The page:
DJ Nautigroove
Jason Brooks (Nautigroove)

He continues, “When you think about it, Trance is a state you put one in with repetitive beats, and its music is composed almost like a classical piece. As you follow the song through, you’re in tune with it. It’s vital to learn to mix long, know the buildups and breakdowns, and when to start the next song to get it ready. As a proper Trance DJ, you’re going to be in the mix for quite a while, and it’s essential to keep the audience in a continuous motion. In essence, if you mix out of a Trance song too fast, you literally break that person’s trance even though you’ve beat-mixed the next song perfectly.”

Never pre-programming or playing the same set twice, Jason admits he has songs he’d like to play but stresses the crucial element of reading the crowd. “You’re shooting yourself in the foot if you design a set because you’re reluctant to change it up. I’ve watched good DJs bomb because they’re playing gut-busters at the wrong time due to the crowd not being built-up yet.” He continued, “If you’re good enough to be asked to play, it’s your responsibility to understand if something isn’t working with your audience and change it even if that includes backtracking.”

Jason also holds steadfast to the idea that unless a vocal track has at least a 150-second lead-in, you never play two in a row. “You’re telling a story, and you have to know whether you want to bring the energy higher or deeper throughout your set, and playing two vocal tracks in a row is a big no-no.”

Jason Brooks (Nautigroove)

Until recently, Jason featured for twelve years as a House and Progressive DJ – we’ll call it Progressive House – because the foundations of Trance were built around that sub-genre along with Melodic Techno. And, it’s this foundation that club-goers are slowly awakening to that is making it cool again to like Trance.

“I’m an entertainer at heart. I think my experience in playing different genres to bar patrons to mega-raves has given me the experience to know what moves an audience. I think there are a lot of DJ’s that discount the need for progressing their time even if it’s just an hour-long House music set. People recognize that I’m going to start at an area opposite of the DJ before me. I like to start with a fresh palate by beginning with an intro and build the energy within the crowd through progression.”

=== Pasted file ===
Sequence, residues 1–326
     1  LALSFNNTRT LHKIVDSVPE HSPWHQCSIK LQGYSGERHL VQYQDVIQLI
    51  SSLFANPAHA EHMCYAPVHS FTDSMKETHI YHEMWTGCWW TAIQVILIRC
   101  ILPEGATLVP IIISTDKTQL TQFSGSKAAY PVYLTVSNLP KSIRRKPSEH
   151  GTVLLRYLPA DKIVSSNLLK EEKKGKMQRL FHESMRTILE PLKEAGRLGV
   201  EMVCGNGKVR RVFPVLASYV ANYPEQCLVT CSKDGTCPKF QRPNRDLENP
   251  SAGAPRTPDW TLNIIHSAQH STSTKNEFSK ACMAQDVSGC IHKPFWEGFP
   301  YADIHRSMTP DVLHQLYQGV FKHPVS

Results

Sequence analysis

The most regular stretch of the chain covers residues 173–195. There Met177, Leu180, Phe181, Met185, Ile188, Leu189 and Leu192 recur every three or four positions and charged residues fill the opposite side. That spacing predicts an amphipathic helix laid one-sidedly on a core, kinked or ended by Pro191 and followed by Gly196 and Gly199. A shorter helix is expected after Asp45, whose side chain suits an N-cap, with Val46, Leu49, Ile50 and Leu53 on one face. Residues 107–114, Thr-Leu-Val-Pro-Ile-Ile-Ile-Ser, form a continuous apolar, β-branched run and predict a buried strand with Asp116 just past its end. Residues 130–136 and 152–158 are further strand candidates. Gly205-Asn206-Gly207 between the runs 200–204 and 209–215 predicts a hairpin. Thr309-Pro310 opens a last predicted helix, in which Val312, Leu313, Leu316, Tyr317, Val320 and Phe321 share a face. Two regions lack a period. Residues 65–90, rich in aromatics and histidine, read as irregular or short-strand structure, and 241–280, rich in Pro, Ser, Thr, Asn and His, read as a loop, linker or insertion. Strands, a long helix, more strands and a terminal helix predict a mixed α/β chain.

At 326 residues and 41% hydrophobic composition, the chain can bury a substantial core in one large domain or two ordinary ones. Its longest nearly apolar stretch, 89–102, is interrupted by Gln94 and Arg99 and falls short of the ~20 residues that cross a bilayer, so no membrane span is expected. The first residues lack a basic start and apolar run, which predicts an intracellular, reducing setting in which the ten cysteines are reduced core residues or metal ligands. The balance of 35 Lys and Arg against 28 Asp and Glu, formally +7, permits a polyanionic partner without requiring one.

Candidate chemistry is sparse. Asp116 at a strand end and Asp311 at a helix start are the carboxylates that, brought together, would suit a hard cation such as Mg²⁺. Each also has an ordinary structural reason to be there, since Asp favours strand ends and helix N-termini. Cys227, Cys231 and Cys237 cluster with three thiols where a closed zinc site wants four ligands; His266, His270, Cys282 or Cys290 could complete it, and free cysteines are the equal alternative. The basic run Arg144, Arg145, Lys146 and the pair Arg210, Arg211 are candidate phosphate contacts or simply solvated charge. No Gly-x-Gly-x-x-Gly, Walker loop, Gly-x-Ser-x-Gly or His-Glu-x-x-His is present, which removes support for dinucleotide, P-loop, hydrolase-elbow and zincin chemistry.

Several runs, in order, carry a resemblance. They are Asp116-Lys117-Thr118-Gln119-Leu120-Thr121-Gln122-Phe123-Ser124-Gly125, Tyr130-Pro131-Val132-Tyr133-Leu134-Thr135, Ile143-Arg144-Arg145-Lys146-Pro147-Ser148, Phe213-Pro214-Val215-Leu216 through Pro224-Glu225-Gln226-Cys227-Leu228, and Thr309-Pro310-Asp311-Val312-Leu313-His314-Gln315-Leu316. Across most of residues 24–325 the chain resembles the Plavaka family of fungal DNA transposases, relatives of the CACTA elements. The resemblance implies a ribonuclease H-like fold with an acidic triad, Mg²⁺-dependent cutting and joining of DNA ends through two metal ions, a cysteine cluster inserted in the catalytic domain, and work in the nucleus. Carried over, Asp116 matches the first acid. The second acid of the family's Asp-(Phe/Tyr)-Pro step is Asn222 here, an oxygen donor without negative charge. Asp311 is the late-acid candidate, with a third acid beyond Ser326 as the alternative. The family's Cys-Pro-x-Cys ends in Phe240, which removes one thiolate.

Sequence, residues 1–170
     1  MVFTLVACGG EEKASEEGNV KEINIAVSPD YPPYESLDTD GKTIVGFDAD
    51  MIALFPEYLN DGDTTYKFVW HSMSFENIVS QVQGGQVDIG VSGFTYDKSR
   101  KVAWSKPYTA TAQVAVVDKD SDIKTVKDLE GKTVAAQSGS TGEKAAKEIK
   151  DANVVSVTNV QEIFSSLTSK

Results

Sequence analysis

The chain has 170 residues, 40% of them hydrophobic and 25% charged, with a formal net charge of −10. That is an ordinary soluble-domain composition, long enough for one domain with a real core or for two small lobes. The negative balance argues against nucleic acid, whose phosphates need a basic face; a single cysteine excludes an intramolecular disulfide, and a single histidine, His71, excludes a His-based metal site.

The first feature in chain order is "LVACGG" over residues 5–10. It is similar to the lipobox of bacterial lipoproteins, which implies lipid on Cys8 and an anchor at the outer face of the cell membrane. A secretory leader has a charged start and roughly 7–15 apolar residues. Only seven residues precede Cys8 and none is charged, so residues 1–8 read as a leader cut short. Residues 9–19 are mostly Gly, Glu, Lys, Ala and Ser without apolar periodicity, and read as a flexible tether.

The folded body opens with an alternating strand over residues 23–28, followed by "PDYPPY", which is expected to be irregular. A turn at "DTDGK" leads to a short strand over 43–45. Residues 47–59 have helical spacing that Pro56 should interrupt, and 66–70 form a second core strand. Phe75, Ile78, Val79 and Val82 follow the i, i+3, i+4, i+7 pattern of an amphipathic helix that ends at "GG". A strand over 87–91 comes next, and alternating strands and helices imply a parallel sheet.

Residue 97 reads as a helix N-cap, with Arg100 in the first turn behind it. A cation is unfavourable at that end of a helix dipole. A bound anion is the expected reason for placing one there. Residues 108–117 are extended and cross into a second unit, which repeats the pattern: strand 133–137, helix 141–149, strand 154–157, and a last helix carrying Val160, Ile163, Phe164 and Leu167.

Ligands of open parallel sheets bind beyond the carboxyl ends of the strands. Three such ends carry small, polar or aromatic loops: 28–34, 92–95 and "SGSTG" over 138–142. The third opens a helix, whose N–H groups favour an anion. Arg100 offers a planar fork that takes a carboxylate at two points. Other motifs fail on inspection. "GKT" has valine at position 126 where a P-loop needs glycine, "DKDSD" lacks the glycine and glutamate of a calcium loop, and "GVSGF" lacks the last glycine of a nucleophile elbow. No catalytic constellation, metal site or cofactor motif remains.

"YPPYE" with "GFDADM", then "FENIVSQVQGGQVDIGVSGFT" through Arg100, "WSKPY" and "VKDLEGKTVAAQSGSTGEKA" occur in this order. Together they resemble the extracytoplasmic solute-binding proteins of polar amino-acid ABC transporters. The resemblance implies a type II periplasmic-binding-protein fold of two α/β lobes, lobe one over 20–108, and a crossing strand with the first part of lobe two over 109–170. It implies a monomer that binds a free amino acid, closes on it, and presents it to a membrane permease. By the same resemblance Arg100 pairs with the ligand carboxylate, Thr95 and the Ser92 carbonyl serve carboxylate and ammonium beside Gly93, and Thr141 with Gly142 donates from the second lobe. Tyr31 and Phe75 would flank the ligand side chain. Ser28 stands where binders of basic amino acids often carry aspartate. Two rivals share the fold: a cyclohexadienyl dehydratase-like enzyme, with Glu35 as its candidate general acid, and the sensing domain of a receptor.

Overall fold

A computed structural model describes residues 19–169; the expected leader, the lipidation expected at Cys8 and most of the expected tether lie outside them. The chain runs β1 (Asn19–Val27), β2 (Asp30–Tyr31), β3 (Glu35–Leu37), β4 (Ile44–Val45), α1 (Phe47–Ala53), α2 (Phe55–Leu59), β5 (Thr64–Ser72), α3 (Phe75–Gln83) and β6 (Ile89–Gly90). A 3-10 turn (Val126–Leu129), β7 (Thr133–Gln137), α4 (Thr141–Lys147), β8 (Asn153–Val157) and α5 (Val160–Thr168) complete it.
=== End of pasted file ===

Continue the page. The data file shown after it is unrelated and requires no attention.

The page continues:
Jason Brooks (Nautigroove) Photo: Erik Lake

The last few months have seen a resurgence, of sorts, for the 44-year-old Bellevue, Kentucky native, and his love for the Trance sound. He credits his opening slot for Marsh (real name Tom Marshall) earlier this month as a turning point for reigniting his passion for DJing the music he loves, and has his sights set on the next chapter of his career. “It’s been a while since I’ve opened for someone big or played along with a well-known producer. But, I was impressed watching Marsh play. To see someone who has put his heart and soul in making the songs in a studio, then playing them live is something that intrigued me. He knew what was coming up and got excited with himself by composing a story with his music. It was so cool to see and hear because he was feeling it on a different level.”

Then, there’s the other side of it. It’s a proven fact in this day and age that few artists have the proper ability to both produce and DJ. Markus Schulz and Dave Seamen are two of the few that come to mind, but more likely than not, you’re either a great producer or a great DJ – not both. Jason falls into the latter category as he explained, “I know without a shadow of a doubt that I know how to play Trance. I’m not perfect, but I know how to format the music to take you on a proper journey, but I can’t produce.”

Although he’d like to learn from producers of the genre that are classically trained musicians or have gone to school to learn production techniques in Europe, Jason realizes that he’s getting older. The resurgence of Trance in Cincinnati is beginning to retake shape, and he wants to be a part of it. “The time is now for Trance, and I want to ride this wave again,” he confessed. “The scene is beginning to recycle, and I’ve gained a bit of notoriety by getting my name back out there the past couple of years, and I want to be at the forefront of it.”

Jason Brooks is the owner of In The Groove Productions and has mentored numerous DJs. He currently enjoys a roster of approximately 20 diverse artists that perform both locally and regionally.

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Erik Lake